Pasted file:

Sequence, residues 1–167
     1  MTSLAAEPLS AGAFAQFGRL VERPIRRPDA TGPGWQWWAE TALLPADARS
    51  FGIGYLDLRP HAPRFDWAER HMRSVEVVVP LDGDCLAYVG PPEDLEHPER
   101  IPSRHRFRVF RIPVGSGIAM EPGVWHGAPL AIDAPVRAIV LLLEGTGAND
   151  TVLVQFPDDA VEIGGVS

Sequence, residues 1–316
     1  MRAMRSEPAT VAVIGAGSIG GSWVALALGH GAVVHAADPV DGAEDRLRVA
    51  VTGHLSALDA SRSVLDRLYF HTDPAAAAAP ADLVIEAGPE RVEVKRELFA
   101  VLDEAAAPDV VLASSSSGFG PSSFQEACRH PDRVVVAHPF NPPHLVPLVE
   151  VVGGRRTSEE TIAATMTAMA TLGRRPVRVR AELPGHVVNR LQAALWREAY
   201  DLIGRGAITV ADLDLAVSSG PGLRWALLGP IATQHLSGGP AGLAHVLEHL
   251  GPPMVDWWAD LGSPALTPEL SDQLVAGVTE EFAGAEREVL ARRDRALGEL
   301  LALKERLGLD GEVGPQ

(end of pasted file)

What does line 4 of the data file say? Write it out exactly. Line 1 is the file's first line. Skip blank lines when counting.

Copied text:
   101  IPSRHRFRVF RIPVGSGIAM EPGVWHGAPL AIDAPVRAIV LLLEGTGAND